What happens next? A simple, yet important question, these three words occupy investors’ thoughts. Midway through a week which has seen the Republicans reclaim control of the House of Representatives (yet fail to take control of the Senate) and the Federal Reserve (Fed) unveil its intentions of pushing $600 billion into the financial markets, investors have seen stock prices rally an impressive 1.2%.
With such powerful catalysts having delivered profits, attention turns to the future. Do recent gains represent a peak that cannot be surmounted? Can momentum push prices perpetually higher? Is now the time to sell or is it better to increase our risk exposure?
All are important questions that can only be answered with the benefit of time. However, time we do not have. Academics can rely upon hindsight to validate ideas, but investors must act now and receive the consequences later.
Although a perfect forecasting process does not exist, different analytical tools can help. Among my favorite is confirmations. When multiple markets confirm one another, it shows long term investors are interested in owning stocks as increasing global demand improves business prospects. Conversely, selective, limited market gains demonstrate short term traders dominate with portfolio being flipped for quick profits. Absent sustainable demand, stock prices can retreat as quickly as they rallied.
The current environment is mixed. Of the 14 international markets I track, eight have reached new 2010 highs during the past two weeks with three others an average of 2% from a new peak.
When discussing subsets of data reaching landmarks at differing times, we risk becoming entrapped in minutia that obscures the larger picture. However, I believe it is important. By maintaining a set discipline, we establish buy and sell triggers that eliminate emotions and allow for quick, rationale decisions. Since there will always be a reason to execute a trade or not, formulated triggers help eliminate the tendency of making the worst possible trade at the worst possible time.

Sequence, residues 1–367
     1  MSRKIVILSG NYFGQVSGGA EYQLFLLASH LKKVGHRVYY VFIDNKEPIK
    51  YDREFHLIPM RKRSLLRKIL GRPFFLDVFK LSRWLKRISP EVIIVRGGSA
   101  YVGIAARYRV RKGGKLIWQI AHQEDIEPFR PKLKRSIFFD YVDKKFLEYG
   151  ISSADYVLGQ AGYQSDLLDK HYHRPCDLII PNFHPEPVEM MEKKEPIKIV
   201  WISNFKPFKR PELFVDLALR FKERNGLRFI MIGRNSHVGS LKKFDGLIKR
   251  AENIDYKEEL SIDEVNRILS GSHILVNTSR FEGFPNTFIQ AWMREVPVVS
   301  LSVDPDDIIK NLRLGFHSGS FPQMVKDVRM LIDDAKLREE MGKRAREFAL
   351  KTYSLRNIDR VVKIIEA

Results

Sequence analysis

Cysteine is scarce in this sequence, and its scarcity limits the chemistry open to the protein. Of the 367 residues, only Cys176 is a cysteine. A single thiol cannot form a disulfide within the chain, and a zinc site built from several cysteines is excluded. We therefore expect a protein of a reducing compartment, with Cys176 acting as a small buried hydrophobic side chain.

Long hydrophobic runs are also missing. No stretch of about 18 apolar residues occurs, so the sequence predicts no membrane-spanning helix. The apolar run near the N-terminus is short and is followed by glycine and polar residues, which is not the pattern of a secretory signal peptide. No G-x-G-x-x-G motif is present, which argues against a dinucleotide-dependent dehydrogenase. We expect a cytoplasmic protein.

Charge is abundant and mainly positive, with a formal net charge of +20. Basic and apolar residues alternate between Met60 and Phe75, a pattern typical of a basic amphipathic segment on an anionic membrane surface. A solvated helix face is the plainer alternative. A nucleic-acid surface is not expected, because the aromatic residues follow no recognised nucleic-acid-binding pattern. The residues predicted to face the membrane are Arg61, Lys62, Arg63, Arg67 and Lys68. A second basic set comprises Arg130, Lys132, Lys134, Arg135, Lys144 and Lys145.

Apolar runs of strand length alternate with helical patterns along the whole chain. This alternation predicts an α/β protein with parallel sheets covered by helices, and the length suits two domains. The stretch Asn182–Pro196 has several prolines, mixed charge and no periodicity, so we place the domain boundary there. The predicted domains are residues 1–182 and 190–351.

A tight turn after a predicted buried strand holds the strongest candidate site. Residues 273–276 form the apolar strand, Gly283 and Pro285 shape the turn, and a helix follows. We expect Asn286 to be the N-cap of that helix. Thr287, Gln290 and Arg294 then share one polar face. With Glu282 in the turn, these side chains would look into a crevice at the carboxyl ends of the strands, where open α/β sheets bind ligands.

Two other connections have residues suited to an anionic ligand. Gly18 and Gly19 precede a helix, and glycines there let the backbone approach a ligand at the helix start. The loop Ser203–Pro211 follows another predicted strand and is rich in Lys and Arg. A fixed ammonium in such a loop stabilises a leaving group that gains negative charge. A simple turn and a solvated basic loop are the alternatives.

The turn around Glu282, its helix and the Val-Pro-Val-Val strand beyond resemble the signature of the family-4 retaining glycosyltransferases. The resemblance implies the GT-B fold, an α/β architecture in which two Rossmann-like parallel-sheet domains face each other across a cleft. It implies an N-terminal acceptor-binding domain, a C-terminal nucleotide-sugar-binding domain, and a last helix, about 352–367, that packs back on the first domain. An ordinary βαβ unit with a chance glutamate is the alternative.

For me, the picture has become clear. The Dow Jones Transportation Average (Transports) and NASDAQ reached 2010 highs on November 2, but those highs were not confirmed by any other U.S. market. However, one additional day brought needed clarity. With the Transports and NASDAQ closing at new 2010 peaks today, they have been joined by a new 2010 peak for the Dow Jones Industrial Average (Dow). While I would like to see small-cap stocks and the broad-based S&P 500 join the confirmation parade, I judge the trio of new highs as an indication that the bull market is alive.
With prices pointing higher, we should remain long and limit our short positions. Powerful momentum has driven this market higher in recent months and will do so in the near future.
Not a fan of chasing an extended the market, the trend is higher. Those who search for value, hedge risks, and capitalize on what the markets provide will do very well over the coming weeks.